Anthropology 2229F/G Lecture Notes - Lecture 13: Flinders Petrie, Prehistoric Egypt

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Published on 18 Jul 2012
School
Western University
Department
Anthropology
Course
Anthropology 2229F/G
Lecture 13 Part 2 Developing Chronologies and Relative Dating
o Typological/Stylistic Dating
Developed by Christian Thomsen
Changes in forms of artifacts over time
Change in form occurs gradually over time, certain
characteristics added, deleted, etc.
More similar artifacts are, the closer they are in age and vice
versa
Can use major and discrete characteristics to differentiate
artifacts
Those that share characteristics of both are usually
intermediate in form between the other two types (e.g.
between early and late)
Have to have knowledge of the stratigraphy to place them in
time
o Contextual Seriation
Created by Flinders Petrie in the 1800s
To try and understand the age range of burials in pre-dynastic
Egypt
Mostly ceramic objects; types of pottery used for certain
periods of time, went out of style and was replaced with
something different/better
Periods can overlap; oldest and youngest are usually distinct
Still need to know relative age
Argued that objects get more complex over time; dangerous
assumption
Those closer together in time will share artifacts, those farther
apart will share fewer, if any
o Frequency Seriation
Dependant on the changing frequencies of objects through
time
Those closer together in time will have similar frequencies
than those farther apart in time
Only works with one functional form (e.g. bowls for serving)
Assumes you have a certain kind of artifacts that is introduced
increases in frequency over time, but eventually dies out;
replaces a style of object gradually over time
Human behaviour is faddish
Often plotted, referred to as battleship curves or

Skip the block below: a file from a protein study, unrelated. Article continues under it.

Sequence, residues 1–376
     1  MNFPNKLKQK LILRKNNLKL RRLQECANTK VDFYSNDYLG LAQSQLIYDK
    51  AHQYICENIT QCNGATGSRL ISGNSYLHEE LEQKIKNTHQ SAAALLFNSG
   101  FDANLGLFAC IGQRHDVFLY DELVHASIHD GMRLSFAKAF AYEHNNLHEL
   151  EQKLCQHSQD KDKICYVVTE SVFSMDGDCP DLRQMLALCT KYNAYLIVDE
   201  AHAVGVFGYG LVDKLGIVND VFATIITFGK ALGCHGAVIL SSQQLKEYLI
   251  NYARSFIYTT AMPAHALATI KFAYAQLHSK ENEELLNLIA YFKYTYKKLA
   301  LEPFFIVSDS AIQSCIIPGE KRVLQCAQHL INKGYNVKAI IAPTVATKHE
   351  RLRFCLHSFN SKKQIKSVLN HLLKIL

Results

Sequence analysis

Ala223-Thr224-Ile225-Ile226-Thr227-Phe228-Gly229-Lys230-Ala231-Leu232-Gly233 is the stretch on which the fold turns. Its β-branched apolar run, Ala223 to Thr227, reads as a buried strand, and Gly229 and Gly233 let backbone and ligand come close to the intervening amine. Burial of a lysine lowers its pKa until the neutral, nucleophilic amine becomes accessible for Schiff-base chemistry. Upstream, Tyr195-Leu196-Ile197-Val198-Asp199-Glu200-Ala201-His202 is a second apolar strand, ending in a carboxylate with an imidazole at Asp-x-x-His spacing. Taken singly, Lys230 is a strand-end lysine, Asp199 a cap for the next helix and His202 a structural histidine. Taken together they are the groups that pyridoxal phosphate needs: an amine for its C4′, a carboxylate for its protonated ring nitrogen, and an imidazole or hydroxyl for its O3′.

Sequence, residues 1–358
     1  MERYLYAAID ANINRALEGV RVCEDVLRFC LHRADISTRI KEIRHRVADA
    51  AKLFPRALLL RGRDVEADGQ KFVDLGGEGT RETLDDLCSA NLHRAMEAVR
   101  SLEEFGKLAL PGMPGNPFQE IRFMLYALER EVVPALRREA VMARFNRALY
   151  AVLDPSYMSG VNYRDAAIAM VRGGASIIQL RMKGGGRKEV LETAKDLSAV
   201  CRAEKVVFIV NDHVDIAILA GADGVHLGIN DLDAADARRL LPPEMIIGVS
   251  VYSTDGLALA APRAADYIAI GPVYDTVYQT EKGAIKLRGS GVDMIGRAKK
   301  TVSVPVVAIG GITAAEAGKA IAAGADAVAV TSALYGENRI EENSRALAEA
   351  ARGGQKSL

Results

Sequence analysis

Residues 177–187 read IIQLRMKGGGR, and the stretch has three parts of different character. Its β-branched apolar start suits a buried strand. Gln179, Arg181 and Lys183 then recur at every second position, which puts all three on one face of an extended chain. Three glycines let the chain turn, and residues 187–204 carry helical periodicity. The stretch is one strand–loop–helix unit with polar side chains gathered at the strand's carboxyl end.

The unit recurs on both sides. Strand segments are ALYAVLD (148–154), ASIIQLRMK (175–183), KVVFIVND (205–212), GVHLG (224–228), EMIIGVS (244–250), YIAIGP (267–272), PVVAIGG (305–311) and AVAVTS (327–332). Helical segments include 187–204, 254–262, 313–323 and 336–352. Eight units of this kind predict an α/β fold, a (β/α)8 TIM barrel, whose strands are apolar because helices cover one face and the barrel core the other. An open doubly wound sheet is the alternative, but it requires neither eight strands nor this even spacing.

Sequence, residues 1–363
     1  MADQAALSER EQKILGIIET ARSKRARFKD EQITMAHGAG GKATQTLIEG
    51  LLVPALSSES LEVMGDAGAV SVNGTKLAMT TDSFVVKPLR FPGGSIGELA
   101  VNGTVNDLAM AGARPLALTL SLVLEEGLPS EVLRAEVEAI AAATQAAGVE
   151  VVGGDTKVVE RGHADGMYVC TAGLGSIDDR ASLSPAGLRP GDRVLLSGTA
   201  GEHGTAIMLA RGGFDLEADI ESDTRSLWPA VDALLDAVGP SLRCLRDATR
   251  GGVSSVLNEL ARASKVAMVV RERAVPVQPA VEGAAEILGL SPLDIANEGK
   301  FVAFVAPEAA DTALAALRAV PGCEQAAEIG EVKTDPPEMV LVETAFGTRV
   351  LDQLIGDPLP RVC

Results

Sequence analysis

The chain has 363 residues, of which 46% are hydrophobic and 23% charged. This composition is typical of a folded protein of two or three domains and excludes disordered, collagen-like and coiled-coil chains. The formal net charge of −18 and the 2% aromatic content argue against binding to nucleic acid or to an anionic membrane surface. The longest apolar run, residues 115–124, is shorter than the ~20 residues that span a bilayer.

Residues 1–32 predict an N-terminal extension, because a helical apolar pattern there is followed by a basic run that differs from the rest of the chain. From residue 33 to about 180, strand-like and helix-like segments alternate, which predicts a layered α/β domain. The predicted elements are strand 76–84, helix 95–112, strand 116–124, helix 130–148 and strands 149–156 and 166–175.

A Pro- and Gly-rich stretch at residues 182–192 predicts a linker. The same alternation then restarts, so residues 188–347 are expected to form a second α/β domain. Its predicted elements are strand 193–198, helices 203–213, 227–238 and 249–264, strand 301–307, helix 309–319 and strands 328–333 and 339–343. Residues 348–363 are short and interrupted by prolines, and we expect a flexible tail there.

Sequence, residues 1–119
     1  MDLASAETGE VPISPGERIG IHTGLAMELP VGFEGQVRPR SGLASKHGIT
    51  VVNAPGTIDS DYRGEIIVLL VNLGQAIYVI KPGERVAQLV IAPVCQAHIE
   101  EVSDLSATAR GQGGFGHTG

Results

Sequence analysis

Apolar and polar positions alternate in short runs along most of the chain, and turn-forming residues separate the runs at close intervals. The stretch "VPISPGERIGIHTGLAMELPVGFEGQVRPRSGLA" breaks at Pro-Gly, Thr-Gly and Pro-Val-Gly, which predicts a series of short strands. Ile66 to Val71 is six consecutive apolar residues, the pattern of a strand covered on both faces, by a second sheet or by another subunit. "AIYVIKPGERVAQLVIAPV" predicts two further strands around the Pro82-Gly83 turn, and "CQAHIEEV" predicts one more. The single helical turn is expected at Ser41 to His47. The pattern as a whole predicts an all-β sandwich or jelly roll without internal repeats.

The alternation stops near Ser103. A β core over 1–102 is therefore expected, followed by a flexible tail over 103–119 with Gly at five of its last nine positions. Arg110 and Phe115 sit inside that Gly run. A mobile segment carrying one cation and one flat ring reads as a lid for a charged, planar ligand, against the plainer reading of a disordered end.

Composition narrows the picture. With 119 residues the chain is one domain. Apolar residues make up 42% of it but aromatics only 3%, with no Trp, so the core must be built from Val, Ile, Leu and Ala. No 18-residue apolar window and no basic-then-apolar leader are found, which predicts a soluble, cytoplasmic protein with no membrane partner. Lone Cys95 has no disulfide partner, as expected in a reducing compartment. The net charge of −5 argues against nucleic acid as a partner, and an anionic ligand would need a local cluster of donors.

lozenge curves
Requires/Assumes…
1. Have to have to relative age of at least 2 of the
samples
2. Functionality needs to be identical/be functional
equivalents
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Document Summary

Lecture 13 part 2 developing chronologies and relative dating: typological/stylistic dating. Changes in forms of artifacts over time. Change in form occurs gradually over time, certain characteristics added, deleted, etc. More similar artifacts are, the closer they are in age and vice versa. Can use major and discrete characteristics to differentiate artifacts. Those that share characteristics of both are usually intermediate in form between the other two types (e. g. between early and late) Have to have knowledge of the stratigraphy to place them in time: contextual seriation. To try and understand the age range of burials in pre-dynastic. Mostly ceramic objects; types of pottery used for certain periods of time, went out of style and was replaced with something different/better. Periods can overlap; oldest and youngest are usually distinct. Argued that objects get more complex over time; dangerous assumption. Those closer together in time will share artifacts, those farther apart will share fewer, if any: frequency seriation.

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